Not so fast: ‘Wait for Eight’ for baby’s first bath


Does it matter how soon after birth a newborn is bathed? In fact, yes.

Goshen Hospital’s Circle of Caring Birthplace holds off on the first bath for least eight hours, and with good reason: The delay results in both high breastfeeding rates and better temperature control for babies at the hospital.

The “Wait For Eight” campaign was presented to Circle of Caring Colleagues at an AWHONN (Association of Women’s Health, Obstetric and Neonatal Nurses) conference. Circle of Caring Birthplace adopted “Wait For Eight” guidelines for breastfeeding mothers in 2016.

“Before that, we were just giving the baby a bath whenever the parents wanted it,” said Teneesa Stuckey, Goshen Hospital’s director of obstetrics. “A lot of times, that was within a couple hours after delivery.”

Research has shown that delayed bathing is best.However, research has shown that delayed bathing is best.

“Now we educate our parents that we wait eight hours for a bath so the baby has time to transition,” Stuckey said. “Babies can control their temperature better if the bath is delayed. Once we started delayed bathing, we found that on average 94 percent of our newborns had the majority of their temperatures within the normal range for newborns.”

Circle of Caring has also noticed a correlation between delayed bathing and higher breastfeeding rates.

“The literature has shown that if you allow a baby to be skin to skin with mom for at least that first hour after delivery, they feed better and have better temperature and stability,” Stuckey said. “What we also find is that for moms who do skin to skin for longer than an hour, that time also increases successful breastfeeding initiation and helping the baby get latched on.”

“Wait For Eight” is working at Circle of Caring Birthplace, where the breastfeeding initiation rate is 90.3 percent. That far exceeds both the national rate of 81.1 percent and the Centers For Disease Control’s Healthy People 2020 program goal of 81.9 percent.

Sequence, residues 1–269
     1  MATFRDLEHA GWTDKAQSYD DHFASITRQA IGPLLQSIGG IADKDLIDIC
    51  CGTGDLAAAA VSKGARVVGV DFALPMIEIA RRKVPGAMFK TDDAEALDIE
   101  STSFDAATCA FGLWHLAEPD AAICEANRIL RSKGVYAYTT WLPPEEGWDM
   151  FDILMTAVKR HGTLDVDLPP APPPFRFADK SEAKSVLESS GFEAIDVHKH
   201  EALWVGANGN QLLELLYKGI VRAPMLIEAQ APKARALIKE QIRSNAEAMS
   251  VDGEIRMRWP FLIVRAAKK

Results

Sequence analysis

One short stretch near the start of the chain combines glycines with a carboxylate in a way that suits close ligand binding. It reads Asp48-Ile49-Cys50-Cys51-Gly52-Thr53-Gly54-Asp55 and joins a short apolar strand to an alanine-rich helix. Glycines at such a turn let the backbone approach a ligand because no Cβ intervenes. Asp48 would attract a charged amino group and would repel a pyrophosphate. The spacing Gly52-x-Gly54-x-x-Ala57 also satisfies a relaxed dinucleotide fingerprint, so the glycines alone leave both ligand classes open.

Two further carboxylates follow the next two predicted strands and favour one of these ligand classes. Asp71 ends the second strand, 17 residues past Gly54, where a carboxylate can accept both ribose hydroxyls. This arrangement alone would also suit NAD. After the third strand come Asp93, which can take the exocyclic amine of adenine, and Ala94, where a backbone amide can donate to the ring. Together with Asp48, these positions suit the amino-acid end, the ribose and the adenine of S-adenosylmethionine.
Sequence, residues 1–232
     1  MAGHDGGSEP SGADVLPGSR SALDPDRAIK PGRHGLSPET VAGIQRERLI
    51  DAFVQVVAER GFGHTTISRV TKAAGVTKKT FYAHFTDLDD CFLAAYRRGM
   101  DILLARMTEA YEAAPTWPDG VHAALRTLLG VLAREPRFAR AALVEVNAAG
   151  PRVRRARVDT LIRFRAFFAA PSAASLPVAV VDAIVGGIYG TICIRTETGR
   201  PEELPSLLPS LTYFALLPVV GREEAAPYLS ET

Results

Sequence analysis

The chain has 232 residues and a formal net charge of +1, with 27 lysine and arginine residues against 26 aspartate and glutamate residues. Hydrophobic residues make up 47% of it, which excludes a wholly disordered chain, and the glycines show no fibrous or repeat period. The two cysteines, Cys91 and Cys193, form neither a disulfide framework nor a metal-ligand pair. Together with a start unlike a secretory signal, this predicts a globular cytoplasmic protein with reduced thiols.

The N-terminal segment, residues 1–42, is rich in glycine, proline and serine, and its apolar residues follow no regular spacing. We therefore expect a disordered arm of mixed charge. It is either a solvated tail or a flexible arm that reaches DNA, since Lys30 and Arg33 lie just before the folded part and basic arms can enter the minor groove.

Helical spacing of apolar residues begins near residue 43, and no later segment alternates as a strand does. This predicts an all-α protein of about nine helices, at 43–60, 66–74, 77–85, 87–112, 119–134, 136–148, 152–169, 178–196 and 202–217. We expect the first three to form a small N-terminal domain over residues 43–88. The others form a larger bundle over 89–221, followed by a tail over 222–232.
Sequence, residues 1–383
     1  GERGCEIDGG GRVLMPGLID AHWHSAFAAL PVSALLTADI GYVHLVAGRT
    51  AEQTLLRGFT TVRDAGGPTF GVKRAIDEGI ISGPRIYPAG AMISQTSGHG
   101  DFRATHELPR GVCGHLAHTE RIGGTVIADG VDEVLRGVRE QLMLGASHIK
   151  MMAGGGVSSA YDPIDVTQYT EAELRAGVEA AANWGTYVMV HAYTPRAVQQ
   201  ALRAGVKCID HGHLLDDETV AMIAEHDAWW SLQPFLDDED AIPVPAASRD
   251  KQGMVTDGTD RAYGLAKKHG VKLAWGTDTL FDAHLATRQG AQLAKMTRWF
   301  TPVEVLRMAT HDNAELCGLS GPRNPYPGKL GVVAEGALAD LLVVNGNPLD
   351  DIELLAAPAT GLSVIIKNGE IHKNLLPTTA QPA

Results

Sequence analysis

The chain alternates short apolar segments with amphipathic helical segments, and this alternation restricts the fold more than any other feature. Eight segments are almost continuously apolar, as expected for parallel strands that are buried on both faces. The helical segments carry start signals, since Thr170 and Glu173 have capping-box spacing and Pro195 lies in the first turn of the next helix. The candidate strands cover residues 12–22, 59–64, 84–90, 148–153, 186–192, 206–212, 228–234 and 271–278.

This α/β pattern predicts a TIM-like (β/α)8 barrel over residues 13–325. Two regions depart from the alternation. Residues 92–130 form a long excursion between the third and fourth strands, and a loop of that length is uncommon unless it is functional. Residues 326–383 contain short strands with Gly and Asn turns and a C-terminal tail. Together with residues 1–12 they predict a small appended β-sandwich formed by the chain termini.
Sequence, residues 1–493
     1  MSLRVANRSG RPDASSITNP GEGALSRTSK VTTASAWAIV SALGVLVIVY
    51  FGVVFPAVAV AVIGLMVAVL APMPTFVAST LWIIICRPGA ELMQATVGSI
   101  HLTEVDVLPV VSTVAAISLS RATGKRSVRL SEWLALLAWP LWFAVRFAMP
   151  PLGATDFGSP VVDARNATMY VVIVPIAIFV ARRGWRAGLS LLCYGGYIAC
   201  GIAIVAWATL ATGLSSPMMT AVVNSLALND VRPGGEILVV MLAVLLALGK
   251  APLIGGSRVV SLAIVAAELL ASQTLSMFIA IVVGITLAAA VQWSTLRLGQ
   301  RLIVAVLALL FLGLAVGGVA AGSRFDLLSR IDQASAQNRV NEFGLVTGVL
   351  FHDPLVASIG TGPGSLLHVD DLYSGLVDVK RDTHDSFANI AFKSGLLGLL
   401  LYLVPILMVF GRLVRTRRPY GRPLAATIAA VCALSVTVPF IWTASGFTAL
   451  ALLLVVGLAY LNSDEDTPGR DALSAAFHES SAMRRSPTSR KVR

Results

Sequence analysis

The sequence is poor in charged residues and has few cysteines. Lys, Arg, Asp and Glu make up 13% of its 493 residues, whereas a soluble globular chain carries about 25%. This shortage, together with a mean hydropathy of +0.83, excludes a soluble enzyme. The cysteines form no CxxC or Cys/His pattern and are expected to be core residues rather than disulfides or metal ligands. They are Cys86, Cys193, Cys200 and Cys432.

“Wait for Eight” isn’t the only example of Goshen Hospital’s commitment to successful breastfeeding and infant care. Since 2010, the hospital has been certified by the Baby-Friendly Hospital Initiative. The Initiative is a global program sponsored by the World Health Organization and the United Nations Children’s Fund. It recognizes hospitals and birthing facilities that complete a 10-step process to help parents make the best choices about feeding and caring for their newborns.

The Colleagues at Circle of Caring Birthplace take pride in the care they provide, and in reviewing results from the most up-to-day clinical trials to do their jobs even better.

“We’re here to support our moms and babies and make sure they have as smooth a transition as possible from pregnancy to delivery to that period of their bonding together,” Stuckey said.

At Circle of Caring Birthplace, “getting off to a good start” is more than a saying. It’s a mission, and one that improves the lives of mothers and babies every day.